One of the images was registered for copyright by Wynfield on 8 December 1863 as ‘V. Prinsep in Venetian Mediaeval costume, bust, nearly profile’. [7] Just possibly that was another variant, as none of the three images listed above shows the sitter ‘nearly profile’, but it seems likely that either the present work or that with the v-necked tunic was the image registered. In either case the costume is too indeterminate to be sure; however, a possible allusion to Titian’s portrait of Pietro Aretino (Pitti, Florence) with sumptuous cape and linked chain may be found in the present work. If so, it is probably the image registered for copyright in 1863.

Despite the costume, no portrait of Prinsep was included in the group called ‘After the Venetian School’, issued as part four of The Studio, which contained images of H.W. Phillips, Frederick Richard Pickersgill, Frederick Walker and William Holman Hunt.

The links between artist and sitter are numerous. Both were members of the St John’s Wood Clique, and both served in the 38th Middlesex (Artists’) Rifle Volunteer Corps (1860–85). In addition, shortly before this photograph was created, Wynfield had been a photographic advisor to Prinsep’s aunt Julia Margaret Cameron at the outset of her career. An album compiled by Cameron before she took up photography contains an unattributed photograph of Prinsep ‘in fancy dress’ or historical costume. [8] In 1874, when last photographed by Cameron, he is dressed as Henry VIII, [9] one of the prints being inscribed ‘Our Royal Cousin’. (Prinsep was first cousin to Cameron’s children.)

The present print was purchased with P70–P88 from the collection of Sir Edmund Gosse. See NPG P95 for a duplicate print. Additional prints are in the Royal Academy of Arts, London (03/5839), Birmingham Museum and Art Gallery (1978P430) and the Royal Photographic Society, Bath (14597).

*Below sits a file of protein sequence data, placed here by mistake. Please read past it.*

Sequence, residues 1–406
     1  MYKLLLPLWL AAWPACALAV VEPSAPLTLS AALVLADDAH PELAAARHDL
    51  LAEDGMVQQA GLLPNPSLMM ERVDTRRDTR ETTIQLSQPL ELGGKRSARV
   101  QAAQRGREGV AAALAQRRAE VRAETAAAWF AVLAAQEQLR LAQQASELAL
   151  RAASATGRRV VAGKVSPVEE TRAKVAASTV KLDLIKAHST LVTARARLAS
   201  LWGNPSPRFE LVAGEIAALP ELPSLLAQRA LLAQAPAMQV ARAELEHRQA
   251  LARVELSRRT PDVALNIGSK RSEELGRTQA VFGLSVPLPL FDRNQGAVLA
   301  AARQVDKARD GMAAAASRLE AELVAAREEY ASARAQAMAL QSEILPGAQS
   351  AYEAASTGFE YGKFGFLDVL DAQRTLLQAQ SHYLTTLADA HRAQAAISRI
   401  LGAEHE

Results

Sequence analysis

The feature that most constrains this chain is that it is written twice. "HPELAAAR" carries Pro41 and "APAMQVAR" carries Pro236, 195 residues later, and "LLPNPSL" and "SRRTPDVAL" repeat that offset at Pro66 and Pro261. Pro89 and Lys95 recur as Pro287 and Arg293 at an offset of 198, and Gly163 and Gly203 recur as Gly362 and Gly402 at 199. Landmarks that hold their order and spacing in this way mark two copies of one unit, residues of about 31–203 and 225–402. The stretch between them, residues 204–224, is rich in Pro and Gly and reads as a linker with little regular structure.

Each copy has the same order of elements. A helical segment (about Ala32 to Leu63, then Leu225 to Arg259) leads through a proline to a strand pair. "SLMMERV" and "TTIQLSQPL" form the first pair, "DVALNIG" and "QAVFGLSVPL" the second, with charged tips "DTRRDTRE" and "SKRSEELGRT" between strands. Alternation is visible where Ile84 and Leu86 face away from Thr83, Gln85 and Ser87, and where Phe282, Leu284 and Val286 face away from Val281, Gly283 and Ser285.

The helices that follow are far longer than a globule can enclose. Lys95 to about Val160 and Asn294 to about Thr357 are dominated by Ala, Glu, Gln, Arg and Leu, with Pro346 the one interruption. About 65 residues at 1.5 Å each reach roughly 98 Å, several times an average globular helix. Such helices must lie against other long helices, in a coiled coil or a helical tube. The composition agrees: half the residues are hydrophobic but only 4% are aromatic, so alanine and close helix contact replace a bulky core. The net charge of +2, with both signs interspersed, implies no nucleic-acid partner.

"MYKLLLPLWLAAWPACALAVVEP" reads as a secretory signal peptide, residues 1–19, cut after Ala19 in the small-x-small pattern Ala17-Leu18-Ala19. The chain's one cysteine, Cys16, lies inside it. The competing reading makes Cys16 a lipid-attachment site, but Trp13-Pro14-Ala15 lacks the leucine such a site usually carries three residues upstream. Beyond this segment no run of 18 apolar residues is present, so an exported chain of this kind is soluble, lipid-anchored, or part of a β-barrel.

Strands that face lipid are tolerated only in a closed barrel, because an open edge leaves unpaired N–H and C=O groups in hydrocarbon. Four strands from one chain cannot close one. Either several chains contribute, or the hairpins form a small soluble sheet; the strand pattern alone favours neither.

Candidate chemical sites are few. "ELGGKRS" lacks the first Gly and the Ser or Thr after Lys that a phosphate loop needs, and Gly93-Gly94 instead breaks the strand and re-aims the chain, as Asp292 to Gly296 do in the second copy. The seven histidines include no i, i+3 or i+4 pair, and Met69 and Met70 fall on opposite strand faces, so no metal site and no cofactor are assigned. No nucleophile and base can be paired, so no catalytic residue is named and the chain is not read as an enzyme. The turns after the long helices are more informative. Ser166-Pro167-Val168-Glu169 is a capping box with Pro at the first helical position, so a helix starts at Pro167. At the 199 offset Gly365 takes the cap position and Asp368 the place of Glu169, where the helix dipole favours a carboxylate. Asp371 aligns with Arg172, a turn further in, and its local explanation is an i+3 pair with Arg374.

See NPG collection P70–P100

Dr Jan Marsh

Footnotesback to top

1) See, for example, several of Titian’s self-portraits, and his Young Englishman (Pitti, Florence) illustrated in H.E. Wethey, The Paintings of Titian, vol.2, The Portraits, London, 1971, pl.100.
2) Leslie 1914, pp.188–9.
3) See Hacking 2000, pl.33.
4) See Gould 2004, p.61.
5) Letter from G.F. Watts to J.M. Cameron, undated (poss. 1865); quoted Hacking 2000, p.30.
6) Letter from G. du Maurier to Thomas Armstrong, Feb. 1864; see Du Maurier 1951, p.228.
7) Reg. for copyright 1863 Dec 8: National Archives (COPY 1/5).
8) See Cox & Ford 2003, fig.68.
9) See Cox & Ford 2003, nos 744 and 745.

Physical descriptionback to top

Half-length, profile to left, wearing historical costume.

Provenanceback to top

Sir Edmund Gosse, from whose heirs purchased 1929.

Exhibitionsback to top

Victorian Worthies, Alexander Gallery, London, 1976 (3, one of the three known poses).

View all known portraits for Valentine Cameron Prinsep

View all known portraits for David Wilkie Wynfield